“Where are the songs of Spring? Ay, where are they?” – John Keats, Ode to Autumn
Two problems loom large for this current stock market. One is that the market is coming to believe in the inevitability of testing the support lines of the August 2015 low (about 1867 on the S&P 500) and – conveniently near on the charts – the October 2014 low, which was a nearly identical 1862 on a closing basis but was an ominous 1820 on an intra-day level (the S&P closed Friday at about 1931). The growing sentiment that a test is inevitable is making buyers scarce.
The other problem is earnings. While attention tends to be focused on what the Fed may or may not do, S&P 500 earnings are at risk of being flat to down this year, not exactly an argument for paying an above-average multiple. Second-quarter earnings appear to have declined about 0.7%, according to FactSet, approximately offsetting the first-quarter gain of the same amount and leaving growth about flat for the first half. The third quarter is setting up for another negative comparison, leaving the fourth quarter to do the heavy lifting. It’s no wonder that a few – though only a few – hardy souls are broaching the “R” word.
There are some positive effects still to come, such as the end-of-year rally that starts around Thanksgiving and runs (roughly) through the turn of the year. There is also the possibility of the lift any Fed inaction may give to markets. But if earnings can’t start showing some growth, it’s going to be difficult for prices to get above current levels, Fed or no Fed, rate raise or no. The inevitable end-of-year rally could end up being only a partial rebound from 52-week lows.
You mightn’t think earnings were the problem with a market that was preoccupied last week by the papal visit, a surprise resignation by House Speaker John Boehner, and a speech by Fed chair Janet Yellen (“this time we really, really promise that we might raise rates. If we want to. Okay maybe we will, but maybe we won’t. Clear on that?”). Then there are worries over Chinese growth, European growth, emerging markets, commodities and oil. Hey, wait a minute, is this beginning to sound like the dreaded “R?” Or that other kind of stock market that begins with “B?” Belief in that other kind is starting to attract converts, helped along by the central problem of no earnings growth.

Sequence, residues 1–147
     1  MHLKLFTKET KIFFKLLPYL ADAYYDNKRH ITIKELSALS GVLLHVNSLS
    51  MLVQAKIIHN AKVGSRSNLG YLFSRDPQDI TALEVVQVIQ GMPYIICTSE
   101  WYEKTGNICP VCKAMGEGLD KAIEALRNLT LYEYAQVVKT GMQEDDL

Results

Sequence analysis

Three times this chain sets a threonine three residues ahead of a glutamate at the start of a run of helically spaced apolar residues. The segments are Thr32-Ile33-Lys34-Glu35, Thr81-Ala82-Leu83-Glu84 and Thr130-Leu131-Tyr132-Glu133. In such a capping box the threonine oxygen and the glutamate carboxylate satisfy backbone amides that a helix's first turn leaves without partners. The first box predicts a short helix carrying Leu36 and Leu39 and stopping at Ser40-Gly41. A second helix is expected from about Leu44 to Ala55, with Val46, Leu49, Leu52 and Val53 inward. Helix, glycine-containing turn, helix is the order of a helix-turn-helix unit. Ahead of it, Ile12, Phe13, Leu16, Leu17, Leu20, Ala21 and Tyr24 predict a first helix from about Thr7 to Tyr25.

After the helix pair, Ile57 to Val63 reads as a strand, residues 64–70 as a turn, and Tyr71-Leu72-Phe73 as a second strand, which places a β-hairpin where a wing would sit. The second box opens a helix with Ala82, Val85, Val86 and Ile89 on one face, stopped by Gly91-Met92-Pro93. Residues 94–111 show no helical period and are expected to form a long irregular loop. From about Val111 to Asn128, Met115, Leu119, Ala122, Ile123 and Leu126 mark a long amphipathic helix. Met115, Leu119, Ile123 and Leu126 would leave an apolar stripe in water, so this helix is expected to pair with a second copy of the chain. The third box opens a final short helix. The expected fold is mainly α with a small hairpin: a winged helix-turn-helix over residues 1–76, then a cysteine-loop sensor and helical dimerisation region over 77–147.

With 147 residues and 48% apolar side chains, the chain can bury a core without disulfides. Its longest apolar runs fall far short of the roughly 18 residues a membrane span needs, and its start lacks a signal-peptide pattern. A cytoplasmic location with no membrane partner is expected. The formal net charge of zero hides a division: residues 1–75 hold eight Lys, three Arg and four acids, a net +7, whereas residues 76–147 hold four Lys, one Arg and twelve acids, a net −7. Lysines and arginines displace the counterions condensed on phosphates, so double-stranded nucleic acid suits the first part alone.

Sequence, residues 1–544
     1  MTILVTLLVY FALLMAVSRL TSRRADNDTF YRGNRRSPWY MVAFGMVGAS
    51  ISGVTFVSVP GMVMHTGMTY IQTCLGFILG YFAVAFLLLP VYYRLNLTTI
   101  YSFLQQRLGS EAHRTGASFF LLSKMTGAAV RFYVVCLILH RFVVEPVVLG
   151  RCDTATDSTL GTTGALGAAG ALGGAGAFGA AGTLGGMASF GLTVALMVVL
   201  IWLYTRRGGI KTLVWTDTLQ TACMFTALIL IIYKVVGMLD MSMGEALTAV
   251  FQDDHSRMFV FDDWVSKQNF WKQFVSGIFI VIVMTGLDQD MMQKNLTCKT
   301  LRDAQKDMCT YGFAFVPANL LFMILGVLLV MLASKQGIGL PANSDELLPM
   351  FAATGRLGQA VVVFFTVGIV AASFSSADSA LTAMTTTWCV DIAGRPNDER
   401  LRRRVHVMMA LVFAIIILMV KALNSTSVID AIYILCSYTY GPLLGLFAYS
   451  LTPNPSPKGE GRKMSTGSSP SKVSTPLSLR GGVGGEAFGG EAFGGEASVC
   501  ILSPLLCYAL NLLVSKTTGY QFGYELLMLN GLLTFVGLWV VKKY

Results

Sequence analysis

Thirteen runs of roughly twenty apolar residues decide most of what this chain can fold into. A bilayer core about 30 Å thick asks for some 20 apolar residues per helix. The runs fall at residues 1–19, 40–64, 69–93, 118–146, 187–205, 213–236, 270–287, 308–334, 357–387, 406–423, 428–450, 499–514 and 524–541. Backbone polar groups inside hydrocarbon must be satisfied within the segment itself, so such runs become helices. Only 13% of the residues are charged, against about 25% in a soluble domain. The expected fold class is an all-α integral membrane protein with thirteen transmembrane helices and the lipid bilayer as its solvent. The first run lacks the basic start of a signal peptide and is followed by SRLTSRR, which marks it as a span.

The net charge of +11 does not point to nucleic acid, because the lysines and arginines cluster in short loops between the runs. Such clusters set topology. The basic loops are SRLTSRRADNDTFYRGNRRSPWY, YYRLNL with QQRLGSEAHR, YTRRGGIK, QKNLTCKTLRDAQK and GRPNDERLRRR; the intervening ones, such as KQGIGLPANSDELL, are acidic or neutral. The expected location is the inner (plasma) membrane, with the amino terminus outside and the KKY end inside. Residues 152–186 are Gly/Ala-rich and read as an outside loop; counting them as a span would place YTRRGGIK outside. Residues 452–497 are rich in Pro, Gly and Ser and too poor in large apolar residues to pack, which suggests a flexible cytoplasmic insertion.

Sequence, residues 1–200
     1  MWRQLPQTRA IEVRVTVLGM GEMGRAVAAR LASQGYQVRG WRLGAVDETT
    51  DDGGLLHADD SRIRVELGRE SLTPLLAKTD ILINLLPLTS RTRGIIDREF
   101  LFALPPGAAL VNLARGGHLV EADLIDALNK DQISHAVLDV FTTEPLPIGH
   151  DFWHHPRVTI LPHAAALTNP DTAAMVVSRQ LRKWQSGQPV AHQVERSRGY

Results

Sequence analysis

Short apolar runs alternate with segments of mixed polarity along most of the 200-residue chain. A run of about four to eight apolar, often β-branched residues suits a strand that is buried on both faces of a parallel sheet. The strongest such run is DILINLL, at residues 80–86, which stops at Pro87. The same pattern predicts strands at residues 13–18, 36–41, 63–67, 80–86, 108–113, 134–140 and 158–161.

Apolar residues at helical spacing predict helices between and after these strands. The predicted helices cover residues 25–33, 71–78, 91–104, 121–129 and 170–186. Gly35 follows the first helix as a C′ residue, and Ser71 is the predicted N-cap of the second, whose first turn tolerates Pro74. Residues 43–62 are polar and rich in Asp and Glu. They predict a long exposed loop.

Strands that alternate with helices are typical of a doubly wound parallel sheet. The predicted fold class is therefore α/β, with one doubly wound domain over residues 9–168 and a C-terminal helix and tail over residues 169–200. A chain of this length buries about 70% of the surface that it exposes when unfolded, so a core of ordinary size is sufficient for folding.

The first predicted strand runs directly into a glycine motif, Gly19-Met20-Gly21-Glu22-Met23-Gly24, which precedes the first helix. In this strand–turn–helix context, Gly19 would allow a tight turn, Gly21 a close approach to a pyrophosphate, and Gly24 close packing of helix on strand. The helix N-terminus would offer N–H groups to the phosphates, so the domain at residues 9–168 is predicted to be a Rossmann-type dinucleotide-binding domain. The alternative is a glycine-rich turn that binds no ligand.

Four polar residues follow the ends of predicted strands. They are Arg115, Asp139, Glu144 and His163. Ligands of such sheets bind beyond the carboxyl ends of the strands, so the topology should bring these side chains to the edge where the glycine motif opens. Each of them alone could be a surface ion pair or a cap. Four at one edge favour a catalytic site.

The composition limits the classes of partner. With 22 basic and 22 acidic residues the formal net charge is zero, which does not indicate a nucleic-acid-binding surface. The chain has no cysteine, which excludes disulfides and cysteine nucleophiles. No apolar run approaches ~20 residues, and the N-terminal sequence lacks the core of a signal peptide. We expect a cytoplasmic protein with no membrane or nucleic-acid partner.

Several things are worth keeping in mind. One is that the beginnings of bear markets are very difficult to discern in real time. Another is a point that I have been making for some months now, namely that the business cycle is nearly over. Alas, the beginnings of recession are even more difficult to discern in real time. For what it’s worth, my best guess is that one would not arrive before the first quarter of 2016, which may seem startlingly close to most of you. From my perspective, though, it’s more of a question of how much longer the economy can hang on.
It’s only fair to say that one of my major indicators suggests that a bear market in stocks has indeed begun. I don’t trust any single indicator, however, so I’m not going to go out on that limb yet, though I am fairly certain that we have entered the sideways phase that comes between the bull and bear. Indeed, there is a good case that that we have already made the stock market highs for this cycle. I had long thought that we would breach 2200 on the S&P before it was all over, but that is starting to look more and more difficult. As worries over growth build and another weak earnings season looms, there may be too many sellers waiting near the old highs.
For what it’s worth, the markets are getting increasingly oversold, and while we are likely to face selling pressure through the end of the month and quarter, common to the third quarter and with more motivation than usual this year, the pressure for a rebound is building at the same time. The question is from what level. I believe the case for support in the 1820-1860 level, but sometimes the markets do something else. You can still believe in the end-of-year rally – I do – and my analysis suggests that if we hold to form, the fourth quarter should show improvement in retail spending, enough perhaps to convince prices to move back past the 2000 level on the S&P and leave most of us wondering what the fuss was about. If so, it’ll make a good flight square.
The Economic Beat